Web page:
Stay in charge at the end of life

Gone are the days when Mom or Dad, Grandma or Grandpa would quietly accept whatever their children planned for their once-called “golden years.” Though sons and daughters tend to become parents to their parents, the tide is turning. As chronologically older adults seem to be younger and healthier, they want to stay independent and self-sufficient as long as possible. To do this, it’s necessary to learn what’s required and have a plan for the future. 

As part of The Greens at Cannondale’s Community Education Series, Dr. Alan Radin, a geriatric specialist who has been treating patients for 36 years, recently shared his knowledge and personal experience with a large and eager audience. Staying in charge of your life takes effort. There are specific choices to be made and documents to possess: living wills, health care representatives, decisions about life support procedures. Though they may be referred to only when spoken communication is impossible, they are key to staying in charge.

Do you want cardiopulmonary resuscitation (CPR)? Do you want to be fed artificially if  you can no longer eat on your own? Do you want everything possible done to keep you alive, even if you are ready to die? These can be rather grim subjects, but Dr. Radin handled them with his characteristic practicality. His talk gave an inside view of medical and legal practices as they affect older adults.

“Advance directives” is the overall designation of personal decisions regarding end-of-life care. Unless they are provided, in writing, to your own doctor, hospital, nursing home, or assisted living residence, and to your health care representative, your choices won’t be known.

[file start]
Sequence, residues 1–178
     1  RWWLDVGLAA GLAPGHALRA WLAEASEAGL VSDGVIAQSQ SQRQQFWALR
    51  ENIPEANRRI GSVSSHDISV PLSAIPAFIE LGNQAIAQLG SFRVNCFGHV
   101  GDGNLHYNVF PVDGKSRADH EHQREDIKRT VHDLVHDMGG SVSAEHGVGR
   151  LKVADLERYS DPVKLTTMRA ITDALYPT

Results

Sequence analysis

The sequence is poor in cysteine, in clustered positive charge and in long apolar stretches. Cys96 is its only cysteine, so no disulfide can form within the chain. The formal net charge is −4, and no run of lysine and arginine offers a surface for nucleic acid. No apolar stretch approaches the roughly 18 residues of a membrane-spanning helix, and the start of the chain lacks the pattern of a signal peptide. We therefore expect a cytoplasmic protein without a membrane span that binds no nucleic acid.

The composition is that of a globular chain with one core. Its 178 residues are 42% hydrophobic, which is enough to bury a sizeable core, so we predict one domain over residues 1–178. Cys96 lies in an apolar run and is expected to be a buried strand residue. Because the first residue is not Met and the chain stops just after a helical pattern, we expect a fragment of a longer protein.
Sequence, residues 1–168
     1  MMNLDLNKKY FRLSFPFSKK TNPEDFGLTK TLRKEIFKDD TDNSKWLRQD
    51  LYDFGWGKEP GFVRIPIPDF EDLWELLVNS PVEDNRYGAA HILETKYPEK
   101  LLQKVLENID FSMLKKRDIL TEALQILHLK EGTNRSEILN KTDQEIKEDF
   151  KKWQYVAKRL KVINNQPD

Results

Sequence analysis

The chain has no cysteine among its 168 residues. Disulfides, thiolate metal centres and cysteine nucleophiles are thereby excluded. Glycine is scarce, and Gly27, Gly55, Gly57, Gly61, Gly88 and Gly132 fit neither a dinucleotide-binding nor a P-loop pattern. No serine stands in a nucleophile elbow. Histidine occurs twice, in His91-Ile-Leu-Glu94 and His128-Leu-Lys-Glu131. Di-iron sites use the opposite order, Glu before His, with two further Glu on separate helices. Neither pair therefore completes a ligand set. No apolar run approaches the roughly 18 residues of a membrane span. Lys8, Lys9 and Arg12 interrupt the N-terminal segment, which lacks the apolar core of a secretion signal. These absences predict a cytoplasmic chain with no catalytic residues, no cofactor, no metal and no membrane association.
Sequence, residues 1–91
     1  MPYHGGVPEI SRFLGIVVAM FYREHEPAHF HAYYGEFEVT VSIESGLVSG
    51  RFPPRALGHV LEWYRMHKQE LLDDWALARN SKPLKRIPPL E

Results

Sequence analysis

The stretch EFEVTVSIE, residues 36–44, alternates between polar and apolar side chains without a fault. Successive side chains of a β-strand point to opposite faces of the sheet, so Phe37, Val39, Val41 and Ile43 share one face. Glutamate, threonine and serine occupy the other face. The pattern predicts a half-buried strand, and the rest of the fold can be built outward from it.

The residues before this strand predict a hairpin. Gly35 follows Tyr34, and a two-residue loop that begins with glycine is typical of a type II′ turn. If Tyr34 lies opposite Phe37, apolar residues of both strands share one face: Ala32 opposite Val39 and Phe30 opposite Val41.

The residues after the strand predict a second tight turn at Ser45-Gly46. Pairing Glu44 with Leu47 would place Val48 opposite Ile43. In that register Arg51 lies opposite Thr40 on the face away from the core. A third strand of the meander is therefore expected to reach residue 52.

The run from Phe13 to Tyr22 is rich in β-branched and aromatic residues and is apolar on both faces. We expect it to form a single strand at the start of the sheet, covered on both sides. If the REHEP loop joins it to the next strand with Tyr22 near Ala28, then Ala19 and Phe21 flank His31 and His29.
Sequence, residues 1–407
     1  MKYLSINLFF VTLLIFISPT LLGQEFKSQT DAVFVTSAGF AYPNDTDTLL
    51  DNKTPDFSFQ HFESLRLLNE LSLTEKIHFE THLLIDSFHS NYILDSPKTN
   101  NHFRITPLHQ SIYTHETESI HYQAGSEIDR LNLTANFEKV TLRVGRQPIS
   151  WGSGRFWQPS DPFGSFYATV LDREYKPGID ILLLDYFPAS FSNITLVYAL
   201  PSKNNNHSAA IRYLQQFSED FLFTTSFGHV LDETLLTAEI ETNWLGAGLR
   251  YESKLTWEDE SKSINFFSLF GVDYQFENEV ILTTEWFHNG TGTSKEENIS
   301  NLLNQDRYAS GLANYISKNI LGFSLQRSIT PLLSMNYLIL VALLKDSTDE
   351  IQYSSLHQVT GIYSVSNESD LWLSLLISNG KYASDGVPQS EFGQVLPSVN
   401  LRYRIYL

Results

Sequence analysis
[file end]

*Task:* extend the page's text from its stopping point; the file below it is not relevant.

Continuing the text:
Each person in the audience received a packet: “Connecticut Advance Directives: Planning for Future Health Care Decisions.” It answers questions from “What is an advance directive?” to “Can I revoke an anatomical gift (organ donation)?” The helpful pamphlet is from the Connecticut Department of Social Services Bureau of Aging, 25 Sigourney Street, Hartford CT 06106.

Dr. Radin clarified some misconceptions. For instance, there’s a general understanding that feeding tubes will prevent aspiration pneumonia. “Not true,” said Dr. Radin. “They can cause pneumonia. CPR can save lives, but when a person is old, fragile and sick, CPR  doesn’t always work.” He also called the Internet “treacherous. They always list the worst things first.”

The doctor shared his own experiences with his parents.

“My mother was in Norwalk Hospital, where I know just about everybody and they know me. But my father was in a Long Island hospital, where I was a stranger. If it wasn’t for my Dad’s full range of advance directives, and my identification, in writing, as his health care representative, I don’t know what might have happened.”

When asked whether a spouse is automatically considered the health care representative, the answer was, “No. And that’s good. It’s very hard for a spouse to be objective.

“Unfortunately, medicine has been so chopped up with physicians assistants, hospitalists, nurse practitioners, that your own personal doctor, the one who knows you best, may not be on the scene making sure your decisions are followed. That’s why the documents with your choices are so important,” he said.

“When you can speak for yourself, nobody can override your wishes. When you can’t speak for yourself, you need all the essential equipment to make sure you’re the one who stays in charge. Probably the largest amount of money will be spent on your care during the last months of your life. When making end-of-life decisions, ask yourself whether you want a long, miserable life or a shorter, better one?”

The next in The Greens education series is on May 21.